I was on my second drink at the Dupont Circle Hotel bar when a tan, fit woman in her 40s sidled up to me.
"Listen," she said. "You've gotta stop retweeting Louise Mensch."
Warning? Threat? Friendly advice? If there's any lesson from Luke Harding's new book Collusion (Vintage, 368 pages, $16.95), it's that even the smallest fish is wise to keep its guard up on anything vaguely involving Russian intelligence. After all, we were at the same hotel where ardent Putin critic Mikhail Lesin's body was found. Lesin was so drunk that he just kept falling and smashing his head and body into hard surfaces, or so the official story went. I wasn't that drunk…or was I?
Harding is a foreign correspondent for British newspaper the Guardian, with the distinction of being the first Western journalist since the Cold War to be expelled from Russia. He's spent the last decade documenting how Putin operates his autocratic kleptocracy by compromising and exploiting people in order to manipulate world events.
Collusion, whose lengthy subtitle is Secret Meetings, Dirty Money, and How Russia Helped Donald Trump Win, is in many ways a rehashing of Harding's 2011 book Mafia State, which detailed his expulsion from Russia. But now Harding has tightened his focus on Donald J. Trump, who as of press time is still the president of the United States despite a vast trove of evidence suggesting he shouldn't be.
Harding draws from a wealth of sources, including extensive interviews with Paul Manafort from 2007, when Trump's campaign manager was still working shoulder-to-shoulder with Bernie Sanders' chief strategist to elect a Putin puppet named Viktor Yanukovych in the Ukraine. And for this book, Harding landed interviews with Christopher Steele, the author of the salacious dossier that brought the "possible" existence of the pee tape into the public conscious.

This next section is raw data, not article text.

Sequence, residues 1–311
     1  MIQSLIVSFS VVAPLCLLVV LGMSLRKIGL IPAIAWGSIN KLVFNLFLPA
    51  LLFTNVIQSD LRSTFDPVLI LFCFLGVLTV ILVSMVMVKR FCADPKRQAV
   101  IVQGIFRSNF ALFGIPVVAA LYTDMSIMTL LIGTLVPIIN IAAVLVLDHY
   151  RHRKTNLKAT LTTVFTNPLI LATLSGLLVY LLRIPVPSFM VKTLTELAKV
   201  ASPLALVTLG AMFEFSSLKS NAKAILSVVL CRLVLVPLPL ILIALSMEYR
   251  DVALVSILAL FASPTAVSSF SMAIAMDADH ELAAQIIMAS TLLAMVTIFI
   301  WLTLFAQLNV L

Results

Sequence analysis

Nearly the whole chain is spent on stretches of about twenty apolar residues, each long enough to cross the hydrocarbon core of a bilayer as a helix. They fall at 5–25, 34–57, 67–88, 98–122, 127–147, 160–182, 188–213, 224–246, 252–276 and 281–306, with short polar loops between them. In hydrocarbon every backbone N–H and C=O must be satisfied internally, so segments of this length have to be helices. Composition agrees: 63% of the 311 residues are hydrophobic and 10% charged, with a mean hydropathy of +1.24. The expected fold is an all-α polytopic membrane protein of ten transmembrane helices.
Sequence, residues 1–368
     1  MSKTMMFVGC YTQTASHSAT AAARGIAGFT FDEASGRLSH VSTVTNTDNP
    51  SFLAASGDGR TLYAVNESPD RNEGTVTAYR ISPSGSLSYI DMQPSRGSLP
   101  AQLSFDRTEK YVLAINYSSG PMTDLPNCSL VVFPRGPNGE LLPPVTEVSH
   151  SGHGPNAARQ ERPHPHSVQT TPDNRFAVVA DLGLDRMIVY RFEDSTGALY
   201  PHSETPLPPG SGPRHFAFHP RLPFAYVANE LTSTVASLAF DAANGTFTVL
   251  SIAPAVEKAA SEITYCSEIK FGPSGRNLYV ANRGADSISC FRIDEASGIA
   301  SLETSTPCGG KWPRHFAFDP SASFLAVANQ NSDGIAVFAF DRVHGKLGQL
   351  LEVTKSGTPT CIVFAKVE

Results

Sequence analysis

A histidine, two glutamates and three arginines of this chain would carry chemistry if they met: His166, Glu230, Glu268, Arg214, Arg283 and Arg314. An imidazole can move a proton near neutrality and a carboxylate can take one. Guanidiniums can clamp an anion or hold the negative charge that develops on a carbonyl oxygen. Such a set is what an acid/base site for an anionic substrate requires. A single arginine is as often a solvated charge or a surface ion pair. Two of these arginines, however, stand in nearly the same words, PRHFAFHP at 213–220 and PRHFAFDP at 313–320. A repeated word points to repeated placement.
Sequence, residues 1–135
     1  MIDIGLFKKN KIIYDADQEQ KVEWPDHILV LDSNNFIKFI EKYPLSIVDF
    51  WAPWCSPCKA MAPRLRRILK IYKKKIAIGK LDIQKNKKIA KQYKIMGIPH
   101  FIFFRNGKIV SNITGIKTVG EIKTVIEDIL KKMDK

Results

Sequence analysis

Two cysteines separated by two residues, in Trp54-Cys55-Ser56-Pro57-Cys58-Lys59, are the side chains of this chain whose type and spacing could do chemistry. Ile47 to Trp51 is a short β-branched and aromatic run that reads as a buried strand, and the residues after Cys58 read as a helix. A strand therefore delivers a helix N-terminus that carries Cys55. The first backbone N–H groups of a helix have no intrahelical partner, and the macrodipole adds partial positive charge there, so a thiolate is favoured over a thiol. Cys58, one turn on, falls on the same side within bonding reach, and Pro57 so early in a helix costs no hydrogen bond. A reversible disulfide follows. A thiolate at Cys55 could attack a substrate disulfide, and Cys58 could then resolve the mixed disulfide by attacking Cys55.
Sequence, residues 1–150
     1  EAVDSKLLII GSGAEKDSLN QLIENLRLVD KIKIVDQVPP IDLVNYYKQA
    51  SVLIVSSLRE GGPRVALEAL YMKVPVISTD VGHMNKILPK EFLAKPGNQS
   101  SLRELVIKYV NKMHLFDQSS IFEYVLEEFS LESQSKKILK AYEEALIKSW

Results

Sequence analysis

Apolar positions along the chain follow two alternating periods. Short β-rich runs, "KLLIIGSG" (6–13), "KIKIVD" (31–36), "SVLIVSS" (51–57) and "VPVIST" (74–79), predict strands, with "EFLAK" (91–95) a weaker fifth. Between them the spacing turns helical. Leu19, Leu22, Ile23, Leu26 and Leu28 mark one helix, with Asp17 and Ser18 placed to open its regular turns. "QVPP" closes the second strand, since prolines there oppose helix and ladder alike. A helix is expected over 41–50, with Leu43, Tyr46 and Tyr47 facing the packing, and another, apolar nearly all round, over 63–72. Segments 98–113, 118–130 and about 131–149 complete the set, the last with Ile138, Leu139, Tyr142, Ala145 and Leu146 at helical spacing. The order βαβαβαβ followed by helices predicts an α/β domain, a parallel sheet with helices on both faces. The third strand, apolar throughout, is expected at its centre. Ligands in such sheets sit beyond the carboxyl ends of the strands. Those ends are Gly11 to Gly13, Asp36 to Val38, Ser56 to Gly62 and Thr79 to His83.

The story as Harding tells it is familiar to those who've followed #TrumpRussia, told through zigzagging scenes and profiles. The gist is that while stealing emails is broadly considered "honorable international espionage," weaponizing that information to influence the 2016 presidential election was, somehow, surprising to veteran spies.
The effectiveness of the tactic was shocking even to Putin, who apparently hadn't thought through the unintended consequences of success. It also caught President Obama off his game. Obama's name appears only a few times in Collusion, but his flat-footed reaction to a serious and obvious existential threat to American democracy looms as an impending reckoning.
For those of us who've followed the Twitter escapades of Mensch, the former British MP and chick-lit author turned intel blogger, and the rest of her Scooby Gang, the first 100 pages of Collusion do lag. I know from chatting about the book that much of it is not part of the broader understanding—but diehards be warned that you already knew about Five Eyes getting a FISA warrant to surveil Carter Page.
Things warm up in the middle, where Harding digs deeper into Manafort, whom he watched in action in Ukraine, and reports on General "Misha" Flynn, the now-disgraced former national security adviser former colleagues seemed very happy to dish about. Also interesting are Trump's earliest dealings with Russians before the fall of the U.S.S.R., and his short-lived and largely forgotten first bid for president. Back in 1987, he used the same pitches that eventually "won" the election, but with Japan as America's freeloading enemy.
As might be expected from a book in which more information is likely to drop from investigations a journalist can't duplicate without a subpoena, the end of the book frays into a series of disconnected threads about banking and the Russian mafia's longstanding ties to Trump. These disparate strands may or may not end up fusing together. Stay tuned to @LouiseMensch for details.